Atopic Dermatitis Associated With Heterogeneous Lesion Distribution, Distinct Phenotypes

Close-up of atopic dermatitis on the back of the knee
Close-up of atopic dermatitis on the back of the knee
Atopic dermatitis is associated with a heterogeneous distribution of lesions and several distinct patterns of lesional distribution, which were associated with poorer quality of life.

An analysis of patients with atopic dermatitis (AD) has found that the disease is associated with a heterogeneous lesion distribution with several distinct distribution patterns of lesions in most patients. Findings from this study were published in the Journal of European Academy of Dermatology and Venereology.

Researchers from the United States used cross-sectional data from the Atopic Dermatitis in America survey, composed of individuals from the probability-based web GfK Knowledge Panel (n=602). The sample was considered representative of the US population. During the first stage of the sampling process, researchers identified participants with AD, using the UK Diagnostic Criteria. The second stage consisted of screening to identify an additional AD group.

Participants’ quality of life (QoL) was evaluated with the Dermatology Life Quality Index (DLQI), and researchers performed a latent class analysis to determine distinct phenotypes of AD lesional distribution. An adjusted multivariable analysis was also performed to determine whether an association between DLQI and distinct AD phenotypes exist.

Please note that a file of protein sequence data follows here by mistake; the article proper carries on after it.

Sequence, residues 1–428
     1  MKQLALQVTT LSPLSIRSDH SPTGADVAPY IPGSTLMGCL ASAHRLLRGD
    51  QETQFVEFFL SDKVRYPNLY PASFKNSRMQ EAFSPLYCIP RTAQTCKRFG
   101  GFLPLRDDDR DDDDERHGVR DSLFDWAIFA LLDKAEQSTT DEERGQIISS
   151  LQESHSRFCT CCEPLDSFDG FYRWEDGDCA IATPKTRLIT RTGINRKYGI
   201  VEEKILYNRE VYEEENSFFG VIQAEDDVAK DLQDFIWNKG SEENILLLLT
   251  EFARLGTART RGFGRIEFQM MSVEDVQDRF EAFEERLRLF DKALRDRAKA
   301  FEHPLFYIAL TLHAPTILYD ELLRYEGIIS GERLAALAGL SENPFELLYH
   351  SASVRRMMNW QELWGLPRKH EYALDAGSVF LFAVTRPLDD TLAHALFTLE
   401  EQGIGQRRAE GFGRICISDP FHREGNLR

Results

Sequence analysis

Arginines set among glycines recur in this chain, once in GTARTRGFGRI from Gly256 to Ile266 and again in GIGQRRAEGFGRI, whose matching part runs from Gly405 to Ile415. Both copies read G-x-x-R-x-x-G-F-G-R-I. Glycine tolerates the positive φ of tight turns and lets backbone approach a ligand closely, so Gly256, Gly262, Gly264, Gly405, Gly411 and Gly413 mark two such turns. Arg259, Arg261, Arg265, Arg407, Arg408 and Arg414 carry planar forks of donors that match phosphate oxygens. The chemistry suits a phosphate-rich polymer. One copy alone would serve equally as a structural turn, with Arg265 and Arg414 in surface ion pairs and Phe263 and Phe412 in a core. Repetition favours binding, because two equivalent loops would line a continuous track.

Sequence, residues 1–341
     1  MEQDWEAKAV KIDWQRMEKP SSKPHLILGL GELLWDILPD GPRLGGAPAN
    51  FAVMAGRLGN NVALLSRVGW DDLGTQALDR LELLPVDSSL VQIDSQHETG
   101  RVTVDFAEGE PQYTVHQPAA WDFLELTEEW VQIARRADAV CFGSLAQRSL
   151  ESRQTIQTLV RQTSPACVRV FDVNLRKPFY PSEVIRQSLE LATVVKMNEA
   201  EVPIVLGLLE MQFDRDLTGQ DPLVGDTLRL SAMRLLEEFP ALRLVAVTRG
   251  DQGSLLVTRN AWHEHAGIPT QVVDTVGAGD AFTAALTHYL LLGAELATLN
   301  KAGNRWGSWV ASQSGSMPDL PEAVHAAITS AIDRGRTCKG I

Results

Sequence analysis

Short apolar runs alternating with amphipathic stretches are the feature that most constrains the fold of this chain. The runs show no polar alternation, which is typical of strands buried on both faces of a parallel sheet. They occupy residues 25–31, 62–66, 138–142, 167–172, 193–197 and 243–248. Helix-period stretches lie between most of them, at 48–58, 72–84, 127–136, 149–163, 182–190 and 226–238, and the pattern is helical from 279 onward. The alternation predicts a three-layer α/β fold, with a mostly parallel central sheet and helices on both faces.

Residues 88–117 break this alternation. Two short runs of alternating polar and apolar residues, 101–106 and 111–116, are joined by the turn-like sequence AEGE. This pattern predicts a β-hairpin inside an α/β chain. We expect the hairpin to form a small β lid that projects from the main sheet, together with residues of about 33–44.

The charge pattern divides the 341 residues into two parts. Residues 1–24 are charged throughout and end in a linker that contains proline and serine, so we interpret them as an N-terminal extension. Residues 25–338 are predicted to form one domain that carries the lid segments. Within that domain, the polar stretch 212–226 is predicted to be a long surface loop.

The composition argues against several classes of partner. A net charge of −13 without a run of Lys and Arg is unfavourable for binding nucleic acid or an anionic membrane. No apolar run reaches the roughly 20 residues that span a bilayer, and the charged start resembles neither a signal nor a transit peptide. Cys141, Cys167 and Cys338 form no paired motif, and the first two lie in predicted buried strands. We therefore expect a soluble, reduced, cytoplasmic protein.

Among the 602 patients with AD and 2291 control patients without AD who were included in the final cohort, the prevalence of AD was 7.39% (95% CI, 5.9%-8.8%). The popliteal fossae, lower legs, antecubital fossae, and dorsal feet were the most common sites of skin lesions. Trunk lesions were more common in black and Hispanic patients (60.9% and 55.8%, respectively, vs 41.9% for white, 40.0% for Asian, and 49.7% for other; P =.02). Patients aged ≥60 years had lower proportions of active lesions on the face (P =.01) and scalp (P =.02), as well as a higher proportion of buttocks/genital lesions (P =.04).

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There were 5 classes of lesional distribution: class 1, lower probabilities of lesions affecting any site; class 2, higher probabilities of lesions on the anterior and posterior neck and trunk; class 3, lesions on the antecubital fossae and upper extremities; class 4, lesions on the arms, posterior hands, genitals and buttocks, and even the face, palms and legs; and class 5, lesions affecting all sites. Compared with class 1, classes 2 through 5 were associated with higher DLQI scores (class 2: adjusted odds ratio [aOR], 7.19; [95% CI, 3.21-16.07]; 3: aOR, 7.11 [95% CI, 3.20-15.80]; 4: aOR, 6.90 [95% CI, 3.07-15.50]; 5: aOR, 7.92 [95% CI, 3.54-17.71]).

Limitations of the study include its cross-sectional nature, as well as the use of self-reported AD distribution data.

On the basis of their findings, the researchers indicated that “the heterogeneous distribution of AD should be considered in the diagnosis and assessment of AD in clinical practice.”

Disclosure: Atopic Dermatitis in America Study is sponsored by Sanofi Genzyme and Regeneron. All authors reported associations with pharmaceutical companies. For a full list of disclosures, see the reference.

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Silverberg JI, Margolis DJ, Boguniewicz M, et al. Distribution of atopic dermatitis lesions in United States adults [published online March 18, 2019]. J Eur Acad Dermatol Venereol. doi:10.1111/jdv.15574